Posted: 23rd August 2019 | Back to news feed

Dispelling the Myths – How Your Centre Can Teach Disabled Riders

Accessibility Mark is providing riding schools with the knowledge and confidence to teach disabled riders.

The revolutionary scheme, introduced by Riding for the Disabled Association (RDA) and the British Equestrian Federation, provides training and assessment to ensure centres can provide a first class service.


Many establishments still wrongly believe that they are unable to teach disabled riders, so here we dispel some of the myths and take a look at why Accessibility Mark accreditation could be good for business.

Dispelling the Myths

‘We don’t have specialist equipment.’ – Wherever possible it is recommended that regular equipment should be used, however some riders can at times struggle to grip the reins properly or use the reins to balance and this is where centres can take advantage of specialist or modified equipment to ensure the safety of both horse and rider. This is often just a simple modification to the reins.

‘We don’t have the training to teach disabled riders.’ – To meet the criteria to become an Accessibility Mark accredited centre, instructors must be qualified to at least UKCC Level 2 or BHS Stage 3 in Complete Horsemanship or equivalent. An Accessibility Support Officer (ASO) conducts a training day with all new centres, focusing on good practice for different mounting techniques, leading and side walking and suitable lesson planning.

‘Our horses might not be suitable.’ - There is no such thing as the perfect RDA or Accessibility Mark horse. Genuine all-rounders are ideal and it is important to recognise that a lot of the challenges that the horses may face with riders with disabilities are no different to that of any range of riding school clients.

‘We don’t have the right facilities.’ - Centres often assume that their facilities will not meet the guidelines if they are not fully accessible to wheelchair users, but limiting factors would not rule a centre out for accreditation. It is up to individual centres to decide the level of disability that they can work with.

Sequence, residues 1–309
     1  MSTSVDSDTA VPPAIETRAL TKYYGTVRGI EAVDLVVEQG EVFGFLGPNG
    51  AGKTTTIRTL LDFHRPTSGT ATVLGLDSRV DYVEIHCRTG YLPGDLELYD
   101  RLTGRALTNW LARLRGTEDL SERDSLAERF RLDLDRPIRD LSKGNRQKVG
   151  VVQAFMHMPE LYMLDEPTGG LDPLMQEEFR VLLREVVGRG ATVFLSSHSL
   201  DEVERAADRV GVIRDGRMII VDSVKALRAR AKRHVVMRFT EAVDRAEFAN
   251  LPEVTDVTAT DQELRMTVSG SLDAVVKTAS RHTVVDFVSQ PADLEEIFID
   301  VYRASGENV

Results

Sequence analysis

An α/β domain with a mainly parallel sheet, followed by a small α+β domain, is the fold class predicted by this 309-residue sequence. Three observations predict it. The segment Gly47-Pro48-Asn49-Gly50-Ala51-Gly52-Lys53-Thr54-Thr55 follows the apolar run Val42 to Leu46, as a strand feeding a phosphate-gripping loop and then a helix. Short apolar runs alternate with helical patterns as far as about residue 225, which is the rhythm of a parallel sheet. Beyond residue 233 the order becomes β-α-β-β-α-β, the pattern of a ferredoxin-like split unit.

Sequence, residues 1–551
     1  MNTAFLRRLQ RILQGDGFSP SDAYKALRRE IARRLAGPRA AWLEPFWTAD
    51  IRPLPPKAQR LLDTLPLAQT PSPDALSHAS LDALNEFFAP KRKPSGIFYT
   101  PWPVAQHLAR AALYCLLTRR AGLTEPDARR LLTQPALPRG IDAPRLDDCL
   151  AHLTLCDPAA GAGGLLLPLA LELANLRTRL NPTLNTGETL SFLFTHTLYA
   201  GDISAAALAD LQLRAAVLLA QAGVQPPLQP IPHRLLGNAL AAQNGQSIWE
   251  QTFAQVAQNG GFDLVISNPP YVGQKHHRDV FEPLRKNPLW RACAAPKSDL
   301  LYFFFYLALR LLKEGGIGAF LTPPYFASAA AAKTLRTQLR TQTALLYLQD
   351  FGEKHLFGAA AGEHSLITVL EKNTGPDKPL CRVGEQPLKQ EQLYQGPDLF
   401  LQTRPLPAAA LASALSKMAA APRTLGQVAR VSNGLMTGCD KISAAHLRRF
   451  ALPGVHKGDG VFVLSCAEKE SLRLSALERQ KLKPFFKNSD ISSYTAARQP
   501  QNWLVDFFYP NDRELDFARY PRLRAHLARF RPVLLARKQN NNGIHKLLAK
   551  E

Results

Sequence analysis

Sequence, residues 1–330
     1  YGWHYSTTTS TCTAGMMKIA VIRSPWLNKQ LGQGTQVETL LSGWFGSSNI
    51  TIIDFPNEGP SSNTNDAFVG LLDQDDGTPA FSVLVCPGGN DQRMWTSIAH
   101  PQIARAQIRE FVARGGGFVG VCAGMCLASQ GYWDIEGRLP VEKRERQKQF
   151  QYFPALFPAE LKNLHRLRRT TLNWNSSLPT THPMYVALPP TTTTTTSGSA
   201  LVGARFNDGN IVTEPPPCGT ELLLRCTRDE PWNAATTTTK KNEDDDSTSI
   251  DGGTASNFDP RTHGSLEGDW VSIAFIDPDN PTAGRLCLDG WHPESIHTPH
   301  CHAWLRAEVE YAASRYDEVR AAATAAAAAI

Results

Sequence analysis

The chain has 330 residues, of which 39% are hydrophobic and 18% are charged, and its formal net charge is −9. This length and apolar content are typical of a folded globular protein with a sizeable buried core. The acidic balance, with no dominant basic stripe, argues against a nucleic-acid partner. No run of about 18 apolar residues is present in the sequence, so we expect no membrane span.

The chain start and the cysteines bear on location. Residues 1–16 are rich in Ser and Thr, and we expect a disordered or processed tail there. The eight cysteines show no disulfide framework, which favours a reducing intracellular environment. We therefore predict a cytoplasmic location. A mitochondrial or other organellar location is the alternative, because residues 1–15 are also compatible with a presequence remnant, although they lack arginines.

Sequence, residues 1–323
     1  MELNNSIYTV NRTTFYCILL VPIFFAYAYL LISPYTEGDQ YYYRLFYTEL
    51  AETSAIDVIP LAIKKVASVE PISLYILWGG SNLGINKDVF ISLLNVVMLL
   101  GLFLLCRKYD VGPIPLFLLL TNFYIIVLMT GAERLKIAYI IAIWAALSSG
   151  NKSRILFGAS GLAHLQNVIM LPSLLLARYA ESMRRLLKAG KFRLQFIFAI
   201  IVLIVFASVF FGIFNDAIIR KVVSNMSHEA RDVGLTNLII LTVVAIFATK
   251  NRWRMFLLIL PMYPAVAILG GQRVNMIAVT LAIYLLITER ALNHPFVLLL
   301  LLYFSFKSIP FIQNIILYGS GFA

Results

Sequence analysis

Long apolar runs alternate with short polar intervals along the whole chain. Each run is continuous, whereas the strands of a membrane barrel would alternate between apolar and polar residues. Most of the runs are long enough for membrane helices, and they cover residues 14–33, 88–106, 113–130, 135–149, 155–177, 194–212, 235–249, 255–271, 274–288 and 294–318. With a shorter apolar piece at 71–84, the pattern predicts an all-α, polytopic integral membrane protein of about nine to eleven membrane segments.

The Benefits to Your Business

An extra avenue for business growth -In a tough economic climate, Accessibility Mark is providing equestrian centres with another avenue of revenue. This also provides an opportunity to fill the gaps during the daytime when centres can have a lull in customers, particularly in school term-time.


Support from a well-respected organisation – All Accessibility Mark centres receive ongoing support from their ASO and RDA.  A good relationship between the centre and its ASO, with open dialogue, is essential to making sure clients gain maximum benefit.

Access to RDA Resources – The charity has a wealth of resources at the disposal of centres, including training packs, advice sheets and certificates to recognise achievement.

Goodwill in the community – Accessibility Mark provides an opportunity to work with organisations within the community and through your local council.

Help with raising awareness of your accreditation – All Accessibility Mark centres are offered marketing support to help promote their accreditation and raise awareness of the scheme.

There are currently 53 Accessibility Mark-approved centres across the country.

To find out more about becoming an Accessibility Mark centre visit

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